I haven’t forgotten.
It would have been more than six decades ago, in either 1953 or ‘54. A Friday night I seem to recall. At that time I was a high school student in New Glasgow and a couple friends convinced me to drop by and take a look.
Hey, why not? It was only a couple blocks from home and there was nothing special going on that evening. There was no hockey game at the Stadium and, obviously, no television at home. There was time to waste.
I remember climbing the long staircase that seemed to go up and up forever. When I reached the top and opened the door, I couldn’t believe the atmosphere inside. The smoke was so thick you couldn’t see to the other end of the place. The noise and cheering were so loud you couldn’t hear yourself think.
I was curious and wanted to see more. But the crowd size made it hard to get a good view. A tournament was on and it was standing room only.
As I wandered through the smoke, I could see men, some with cigarettes hanging from their mouths, throwing balls the size of grapefruits down the lanes. At the other end, the balls were knocking over wooden pins, the activity producing an endless racket.
For the first time I was at a sports event that wasn’t being played on an outdoor ball field or in a hockey arena or boxing ring. It was my initial visit to the Vee-Eight Bowling Lanes, named for Vee-Eight Motors, the Ford dealership on the first floor facing the Norfolk Hotel across the street.
It was candlepin bowling.
I don’t know exactly what caught my interest so quickly that evening, but I liked what I was observing.
The sport would dominate my free time for the next 15 years.
I began bowling at Vee-Eight not long after that, and it grew into a passion when, a few years later, the focal point for the sport moved to the new Heather Lanes on the west side.
I got to love that place.
The new location opened just two months after I began working in New Glasgow for The Chronicle Herald, a job that involved a lot of irregular working hours – but a lot of irregular off-hours too.
It wasn’t long before manager Fraser Matheson, his assistant Jimmy Morrison, and mechanic-handyman Leo Ellsworth became good friends.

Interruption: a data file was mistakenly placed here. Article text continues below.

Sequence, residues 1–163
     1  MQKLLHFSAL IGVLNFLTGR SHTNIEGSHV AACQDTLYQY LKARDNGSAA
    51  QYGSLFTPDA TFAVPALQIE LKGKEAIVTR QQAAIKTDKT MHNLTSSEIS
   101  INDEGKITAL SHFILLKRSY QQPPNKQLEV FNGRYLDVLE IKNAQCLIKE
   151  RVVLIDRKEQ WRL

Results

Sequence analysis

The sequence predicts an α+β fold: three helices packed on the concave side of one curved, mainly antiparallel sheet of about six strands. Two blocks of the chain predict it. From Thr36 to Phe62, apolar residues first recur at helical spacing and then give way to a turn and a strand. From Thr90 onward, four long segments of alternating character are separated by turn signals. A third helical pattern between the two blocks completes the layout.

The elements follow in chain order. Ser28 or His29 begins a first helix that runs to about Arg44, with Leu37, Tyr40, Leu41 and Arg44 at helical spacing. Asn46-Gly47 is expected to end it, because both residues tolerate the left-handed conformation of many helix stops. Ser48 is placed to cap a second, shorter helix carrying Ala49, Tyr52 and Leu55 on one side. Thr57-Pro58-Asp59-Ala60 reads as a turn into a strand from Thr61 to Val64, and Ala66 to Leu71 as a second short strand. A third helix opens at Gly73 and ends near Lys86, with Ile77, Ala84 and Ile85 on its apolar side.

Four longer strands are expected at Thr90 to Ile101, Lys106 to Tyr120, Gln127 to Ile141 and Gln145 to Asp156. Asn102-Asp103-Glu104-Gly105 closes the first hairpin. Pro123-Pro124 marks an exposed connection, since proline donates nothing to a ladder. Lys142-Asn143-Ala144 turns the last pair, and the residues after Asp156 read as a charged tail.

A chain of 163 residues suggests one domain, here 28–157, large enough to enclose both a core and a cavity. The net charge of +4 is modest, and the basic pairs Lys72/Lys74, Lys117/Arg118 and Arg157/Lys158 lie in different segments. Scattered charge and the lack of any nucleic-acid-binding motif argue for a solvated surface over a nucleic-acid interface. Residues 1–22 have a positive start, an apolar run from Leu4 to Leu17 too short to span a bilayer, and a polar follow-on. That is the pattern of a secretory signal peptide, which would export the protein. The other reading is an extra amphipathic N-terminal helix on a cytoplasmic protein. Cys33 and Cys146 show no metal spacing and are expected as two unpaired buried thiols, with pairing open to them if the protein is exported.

I bowled in as many leagues as possible. I bowled with Jimmy and anybody else who could spend daytime hours on the lanes. I bowled for nickels and dimes late at night and into the wee hours of the morning.
I bowled and spent so much time there that many of my newspaper contacts, like police and fire departments, knew where to find me when news was breaking.
I was there – bowling with Jimmy – on the day news broke that U.S. President John F. Kennedy had been shot.
So many memories.
I never became a top-level bowler, never represented the Heather at provincial tournaments, but I could average 103 and 104 in league competition. I never bowled a 400 game, but a few times I managed to go over 350. I never established league records, but once I recorded four consecutive strikes.
Mostly, I was having a great time.
There were lots of good people in the sport through the 1960s. I captained a few league teams and was able to persuade some of the premier keglers to bowl on those teams, like Gibby Hiscott, Ike Uhren and Garnie Wamback. Great guys.
When three New Glasgow teams were put together to face Antigonish competition in a series of matches, I got to bowl on a team captained by Doug (Tites) Cantley, with Aubrey Cullen and Don Fitzpatrick also aboard. Another enjoyable experience for sure.
For a while, Heather Lanes hosted a different form of competition called Scotch Doubles, in which teams were made up of just two participants – one male and one female – each throwing balls alternately. I had a wonderful partner in Janet Watters and, in 1964, she and I won the first tournament against some pretty darn good bowlers.
There was also the occasion back in 1963 when four of us entered a bowling marathon, our aim being to break world records. Organized by Matheson and Morrison, the event got great newspaper coverage from Charlie Stevens, assuring large crowds as we bowled from nine o’clock in the morning until the wee hours of the next day.
Joining me for the challenge was Don (Shadow) MacMillan, the best bowler in the foursome; along with Phil Carpenter and Paul McMullen.
What a time we had.
MacMillan bowled for 13 hours and 40 minutes, completing 115 strings with an eye-opening 108.2 average. Carpenter threw in the towel 20 minutes later, posting a 96.0 over 116 strings. McMullen and I kept going and going. Finally, at 1:20 in the morning, I threw my last ball, finishing 140 strings with a 97.4 average. Paul was behind me in strings, so he remained bowling for an additional two hours and 40 minutes, shutting down with an 89.8 average. Paul’s 142 strings and my 13,645 pinfall were new world records.
Also in 1963, when I brought Toronto Maple Leafs star Frank Mahovlich to the county for an off-season visit after the Leafs had won another Stanley Cup, a good crowd came by to watch Mahovlich bowl a match with Thorburn’s NHL star Lowell MacDonald and myself. That was another fun time.
During the first nine years on the west side, the Heather Lanes was my home away from home.
Good things, though, come to an end.
For me, bowling ended as quickly as it began. The Herald summoned me to the Halifax office, resulting in my wife and I moving to metro. That was 48 years ago.
I never bowled again.